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Diagnostic imaging provides clear picture

Airman 1st Class Krysta Haines, 21st Medical Support Squadron diagnostic imaging technician, allows other technicians to line up the X-ray machine for a training sinus X-ray at the 21st Medical Group clinic Feb. 18. One afternoon a month, the 21st MDG has downtime for training. The diagnostic imaging section took the time to perfect difficult X-ray positions and go over amount of radiation needed. (U.S. Air Force photo/Staff Sgt. Jacob Morgan)

Airman 1st Class Krysta Haines, 21st Medical Support Squadron diagnostic imaging technician, allows other technicians to line up the X-ray machine for a training sinus X-ray at the 21st Medical Group clinic Feb. 18. One afternoon a month, the 21st MDG has downtime for training. The diagnostic imaging section took the time to perfect difficult X-ray positions and go over amount of radiation needed. (U.S. Air Force photo/Staff Sgt. Jacob Morgan)

Tech. Sgt. Jerry Watts Jr., 21st Medical Support Squadron NCO in charge of diagnostic imaging, uses an ultrasound machine to check the thyroid of Senior Airman Andrew Bull during training at the 21st Medical Group clinic Feb. 18. Watts is currently the only qualified sonographer with the 21st MDSS performing on average 10 sonograms a day. (U.S. Air Force photo/Staff Sgt. Jacob Morgan)

Tech. Sgt. Jerry Watts Jr., 21st Medical Support Squadron NCO in charge of diagnostic imaging, uses an ultrasound machine to check the thyroid of Senior Airman Andrew Bull during training at the 21st Medical Group clinic Feb. 18. Watts is currently the only qualified sonographer with the 21st MDSS performing on average 10 sonograms a day. (U.S. Air Force photo/Staff Sgt. Jacob Morgan)

PETERSON AIR FORCE BASE, Colo. -- X-rays, mammograms and ultra-sounds are used for some of the most serious medical diagnostic work. From bone infections to breast cancer, the angle and contrast of an image can determine the accuracy of a diagnosis. With severe injuries and life threatening illnesses in the balance, the 21st Medical Support Squadron diagnostic imaging section works hard to make sure they are right the first time.

From the start, when a patient visits the front counter or calls in, a technician reviews the situation. Because the physical characteristics of a person matter greatly with diagnostic imaging, the technician must take into account body weight, height, bone structure and minor details -- down to the angle of toes -- in some X-rays.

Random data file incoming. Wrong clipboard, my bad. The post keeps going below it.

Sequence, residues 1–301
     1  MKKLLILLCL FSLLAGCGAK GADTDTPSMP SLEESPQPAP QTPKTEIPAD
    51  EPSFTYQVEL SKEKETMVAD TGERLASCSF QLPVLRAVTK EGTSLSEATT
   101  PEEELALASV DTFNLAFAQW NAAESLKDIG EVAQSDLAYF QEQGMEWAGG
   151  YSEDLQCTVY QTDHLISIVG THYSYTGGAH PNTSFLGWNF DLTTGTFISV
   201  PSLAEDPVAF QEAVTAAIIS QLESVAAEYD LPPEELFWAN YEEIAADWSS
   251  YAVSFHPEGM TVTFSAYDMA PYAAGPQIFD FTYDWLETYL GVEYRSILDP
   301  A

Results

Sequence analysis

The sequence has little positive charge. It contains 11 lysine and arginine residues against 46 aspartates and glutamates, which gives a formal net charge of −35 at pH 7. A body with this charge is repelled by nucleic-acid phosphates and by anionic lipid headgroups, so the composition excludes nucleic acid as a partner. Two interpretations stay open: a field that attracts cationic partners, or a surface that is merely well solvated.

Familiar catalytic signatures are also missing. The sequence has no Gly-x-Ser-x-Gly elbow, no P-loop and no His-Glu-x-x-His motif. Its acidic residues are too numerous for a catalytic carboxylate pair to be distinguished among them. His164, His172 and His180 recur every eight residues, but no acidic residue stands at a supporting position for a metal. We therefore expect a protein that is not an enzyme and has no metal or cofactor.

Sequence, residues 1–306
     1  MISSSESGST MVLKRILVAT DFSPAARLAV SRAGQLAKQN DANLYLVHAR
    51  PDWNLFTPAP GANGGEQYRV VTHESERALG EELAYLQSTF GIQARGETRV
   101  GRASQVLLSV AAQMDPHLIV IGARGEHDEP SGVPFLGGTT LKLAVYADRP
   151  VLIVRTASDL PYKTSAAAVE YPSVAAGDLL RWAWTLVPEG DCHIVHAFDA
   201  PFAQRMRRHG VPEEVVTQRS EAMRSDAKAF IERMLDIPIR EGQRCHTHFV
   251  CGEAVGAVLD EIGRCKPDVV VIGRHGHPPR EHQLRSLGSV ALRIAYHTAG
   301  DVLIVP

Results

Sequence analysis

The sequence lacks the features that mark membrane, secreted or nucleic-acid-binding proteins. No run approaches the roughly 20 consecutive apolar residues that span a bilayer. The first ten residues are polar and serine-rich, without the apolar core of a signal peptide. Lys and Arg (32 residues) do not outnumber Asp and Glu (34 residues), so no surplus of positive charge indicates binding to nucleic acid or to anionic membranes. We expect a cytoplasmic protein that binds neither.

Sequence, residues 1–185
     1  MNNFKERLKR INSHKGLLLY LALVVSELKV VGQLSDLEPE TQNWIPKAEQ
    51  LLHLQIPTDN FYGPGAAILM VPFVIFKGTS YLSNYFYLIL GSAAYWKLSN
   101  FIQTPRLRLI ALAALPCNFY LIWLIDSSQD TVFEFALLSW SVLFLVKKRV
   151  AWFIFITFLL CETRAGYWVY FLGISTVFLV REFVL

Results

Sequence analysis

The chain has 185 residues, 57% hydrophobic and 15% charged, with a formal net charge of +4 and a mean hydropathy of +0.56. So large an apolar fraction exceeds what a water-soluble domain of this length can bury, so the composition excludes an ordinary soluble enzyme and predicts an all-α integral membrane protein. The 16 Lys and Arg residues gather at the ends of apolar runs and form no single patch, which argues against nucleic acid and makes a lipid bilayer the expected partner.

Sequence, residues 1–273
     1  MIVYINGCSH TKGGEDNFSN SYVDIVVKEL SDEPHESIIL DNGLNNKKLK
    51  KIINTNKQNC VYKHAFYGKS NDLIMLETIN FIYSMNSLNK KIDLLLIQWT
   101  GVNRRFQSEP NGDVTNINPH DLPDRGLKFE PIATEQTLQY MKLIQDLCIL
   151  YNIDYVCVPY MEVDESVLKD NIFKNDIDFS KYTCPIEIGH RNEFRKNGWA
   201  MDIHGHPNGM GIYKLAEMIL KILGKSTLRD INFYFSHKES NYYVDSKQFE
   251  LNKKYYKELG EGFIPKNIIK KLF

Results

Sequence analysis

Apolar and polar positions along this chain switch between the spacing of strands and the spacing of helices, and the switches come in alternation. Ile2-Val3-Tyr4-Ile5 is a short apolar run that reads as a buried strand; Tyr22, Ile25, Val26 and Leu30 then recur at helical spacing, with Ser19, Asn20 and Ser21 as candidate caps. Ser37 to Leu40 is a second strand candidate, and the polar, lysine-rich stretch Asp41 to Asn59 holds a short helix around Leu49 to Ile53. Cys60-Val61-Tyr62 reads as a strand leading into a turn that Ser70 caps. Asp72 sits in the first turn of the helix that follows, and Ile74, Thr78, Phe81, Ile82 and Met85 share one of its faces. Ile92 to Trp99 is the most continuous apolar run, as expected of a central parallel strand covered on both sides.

Senior Airman Andrew Bull, 21st MDSS diagnostic imaging technician, currently works on X-ray, where he spent nearly two years being trained in his specialty.

"X-rays are the foundation for everything else in diagnostic imaging," said Bull. "It's a great job because I get one-on-one interaction with the patient and I am constantly involved in patient care."

Initially, being an X-ray technician is extremely difficult; it's not a textbook job because every person is different, said Bull. There is a lot of anatomy and physics involved in every appointment. With radiation being involved, getting the right picture and contrast the first time is important to each X-ray technician.

"We have a lot of different techniques for X-raying certain body parts," said Bull. "However, the same position doesn't work for everyone; it's called body habitus, we are almost looking through someone's body before we X-ray them."

One X-ray goes through quality control checks before the radiologist sees it. The technician who took the X-ray checks for things such as contrast and exposure at the joints; some common problems include too much rotation at the joint and not enough radiation to expose the image properly.

In addition to X-ray, the 21st MDSS diagnostic imaging section also performs sonograms and mammograms, with one specialist for each.

Watts, who is also the NCO in charge, performs on average 10 ultrasounds a day, using sound waves to image different parts of the body. He will summarize his findings for a physician to diagnose.

Julie Holden, the only mammographer with the 21st MDSS, uses low energy X-rays in order to scan breasts for a radiologist who will look for masses or micro calcifications to diagnose breast cancer. Holden's program was recently inspected by the Food and Drug Administration and received a perfect rating.

"We are trying to provide the most care possible to our patients," said Watts. "We have two X-ray rooms, one mammography room and one ultrasound room. Because of our location and service we have a lot of patients who want to come in. Sometimes our monthly schedule will fill up within five days of its start."

While X-ray is a walk-in service and the ultrasound and mammography sections require appointments, each service requires a physician's referral. Retirees, active-duty members and their families can call 524-CARE to schedule an appointment and utilize the diagnostic imaging section.

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